Fortunately for my client and others like her, customer experience isn’t just about function. It’s not even primarily about function. It’s more about emotion and meaning. Which means that marketing is as much a part of a winning product as the product itself is.
My new client and I determined to work with our teams to do two things:
1) We would determine the emotional meaning of her brand.
2) We would use every lever, every touchpoint, to enhance that meaning.
We remade the aspects of customer experience that she could influence. And then we measured the results.
Based on those results, my client quickly developed the reputation of a “fixer” in her company. She was given responsibility for overseeing the website – effectively the core delivery of the product – in addition to marketing. Extending our insight about the emotional meaning of the brand deep into the customer journey yielded still greater incremental results.
Today, my client can work just about anywhere. Fortunately for us, she’s extremely happy and highly valued right where she is.
Even if you’re not in love with your planet or passionate about conservation and even if you’re annoyed by organizations that change the world for the better, this edition of the “Inspiring Action Podcast” is for you. Paul Butler is the senior vice president of global programs for Rare, an innovative not-for-profit organization committed to inspiring change so that people and nature can thrive.
Over the course of forty-five riveting minutes, Butler tells host Mark DiMassimo how his lifetime passion became his profession when a 6-month voyage to St. Lucia evolved into a 12-year mission. That mission – to save a species – led to an adventure you’ve just got to hear!
Key #5 of 10 to Inspiring Action: 10 Keys to the Future of Marketing. Download our summary poster of the 10 Keys here.
Imagine you’re marketing a limo service and you get Uber’d.
Or you’re trying to put travelers in hotel beds and you get Airbnb’d. You run a car dealership and you get Tesla’d. You’re a travel agent, a financial advisor, sell insurance, or – heaven forfend – you publish the yellow pages!…
I know real people in these situations, and I can tell you this about every one of them:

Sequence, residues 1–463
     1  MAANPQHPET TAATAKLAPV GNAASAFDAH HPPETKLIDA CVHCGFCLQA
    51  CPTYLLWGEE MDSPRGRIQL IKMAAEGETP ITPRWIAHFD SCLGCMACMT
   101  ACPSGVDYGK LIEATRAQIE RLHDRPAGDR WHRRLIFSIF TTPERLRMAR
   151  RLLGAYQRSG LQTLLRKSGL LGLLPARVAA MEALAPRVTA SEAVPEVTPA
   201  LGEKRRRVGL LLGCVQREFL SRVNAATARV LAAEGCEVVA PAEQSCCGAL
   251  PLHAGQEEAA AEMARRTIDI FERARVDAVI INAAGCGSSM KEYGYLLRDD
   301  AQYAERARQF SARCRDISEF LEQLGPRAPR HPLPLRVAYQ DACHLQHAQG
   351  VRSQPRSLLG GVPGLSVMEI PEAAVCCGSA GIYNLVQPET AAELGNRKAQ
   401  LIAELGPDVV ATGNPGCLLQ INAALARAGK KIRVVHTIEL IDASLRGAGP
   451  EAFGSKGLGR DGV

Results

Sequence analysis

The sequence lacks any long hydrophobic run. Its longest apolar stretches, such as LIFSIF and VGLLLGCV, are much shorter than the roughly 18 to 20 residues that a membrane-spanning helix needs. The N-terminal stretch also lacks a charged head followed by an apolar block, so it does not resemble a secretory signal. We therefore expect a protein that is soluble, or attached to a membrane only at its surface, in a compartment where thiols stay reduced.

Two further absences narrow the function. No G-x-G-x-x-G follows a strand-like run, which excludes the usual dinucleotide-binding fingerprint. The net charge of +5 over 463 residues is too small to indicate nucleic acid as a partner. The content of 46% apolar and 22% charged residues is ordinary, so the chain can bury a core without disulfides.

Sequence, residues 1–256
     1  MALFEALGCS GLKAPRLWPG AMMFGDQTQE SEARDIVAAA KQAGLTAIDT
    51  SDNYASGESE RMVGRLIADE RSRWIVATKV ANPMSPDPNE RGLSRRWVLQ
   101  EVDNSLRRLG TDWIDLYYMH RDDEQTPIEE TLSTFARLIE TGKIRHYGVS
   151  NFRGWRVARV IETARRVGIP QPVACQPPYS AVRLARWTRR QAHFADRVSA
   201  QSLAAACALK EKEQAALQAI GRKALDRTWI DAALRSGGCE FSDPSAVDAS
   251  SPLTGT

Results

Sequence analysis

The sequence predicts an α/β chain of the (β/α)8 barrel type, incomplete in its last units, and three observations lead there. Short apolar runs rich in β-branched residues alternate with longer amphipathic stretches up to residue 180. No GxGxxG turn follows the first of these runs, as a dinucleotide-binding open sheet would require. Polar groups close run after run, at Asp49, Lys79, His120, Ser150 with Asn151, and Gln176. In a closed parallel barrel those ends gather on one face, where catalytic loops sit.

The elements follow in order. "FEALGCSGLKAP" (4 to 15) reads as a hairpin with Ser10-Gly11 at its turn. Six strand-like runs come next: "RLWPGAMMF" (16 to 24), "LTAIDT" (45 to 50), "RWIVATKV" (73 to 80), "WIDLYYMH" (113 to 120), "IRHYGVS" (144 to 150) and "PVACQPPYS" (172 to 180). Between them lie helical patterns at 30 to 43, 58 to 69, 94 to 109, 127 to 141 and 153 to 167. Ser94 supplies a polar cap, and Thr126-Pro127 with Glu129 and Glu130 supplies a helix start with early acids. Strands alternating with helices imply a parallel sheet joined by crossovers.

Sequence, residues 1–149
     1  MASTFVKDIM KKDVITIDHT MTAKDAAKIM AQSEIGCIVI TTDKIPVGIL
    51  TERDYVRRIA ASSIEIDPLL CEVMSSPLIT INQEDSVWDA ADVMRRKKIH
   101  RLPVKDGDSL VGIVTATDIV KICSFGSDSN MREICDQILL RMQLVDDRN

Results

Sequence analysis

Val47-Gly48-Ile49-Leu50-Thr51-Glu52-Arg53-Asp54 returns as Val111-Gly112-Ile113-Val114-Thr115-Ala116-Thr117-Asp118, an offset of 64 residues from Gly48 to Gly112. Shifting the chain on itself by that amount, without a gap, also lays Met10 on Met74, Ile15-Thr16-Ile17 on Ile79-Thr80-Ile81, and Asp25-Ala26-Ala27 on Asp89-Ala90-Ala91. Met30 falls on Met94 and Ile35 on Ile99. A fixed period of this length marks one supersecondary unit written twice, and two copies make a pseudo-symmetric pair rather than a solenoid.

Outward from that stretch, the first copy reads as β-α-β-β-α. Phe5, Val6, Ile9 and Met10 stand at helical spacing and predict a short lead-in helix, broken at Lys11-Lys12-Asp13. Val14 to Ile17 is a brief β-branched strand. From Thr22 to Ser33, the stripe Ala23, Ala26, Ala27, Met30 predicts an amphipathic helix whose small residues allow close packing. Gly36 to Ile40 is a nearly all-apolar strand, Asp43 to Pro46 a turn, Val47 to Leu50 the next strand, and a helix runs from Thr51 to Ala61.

They never saw it coming!
But Nike saw it coming. Starting with their own brand story, they got ahead of change. Nike didn’t see themselves as an athletic shoe company – they saw themselves as a company that inspires athletes. While other athletic wear companies may have seen the coming age of wearable computing as irrelevant, Nike saw it as an opportunity to inspire. In creating Nike Plus, they got ahead of the curve and developed a way to get to know their customers like never before.
You don’t have to BE a new economy business to WIN in the new economy. You just need an inspiring idea that guides you, and you need to be able to connect that idea to better experiences for your customers. American Express (founded 1850) has done it, reinventing the core of their customer relationships many times over. JetBlue (founded 1998) has done it. Apple (founded 1976) is most certainly doing it.
We call these companies Inspiring Action brands. They share a common point of view. They see things with their customers’ eyes. They know what the people they serve aspire to be and do. They know what their devotees love about themselves with them. They’ve mapped the customer journey and have found ways to intercept and change behavior.
You are what they do.
Your audience is just people trying to inspire action in themselves. If your service works better, you win.
Think Outside In. It’s really that simple and that challenging. Understand your inspiring idea from your customer’s point of view. Map the journey and work out effective ways to change behavior and create new habits.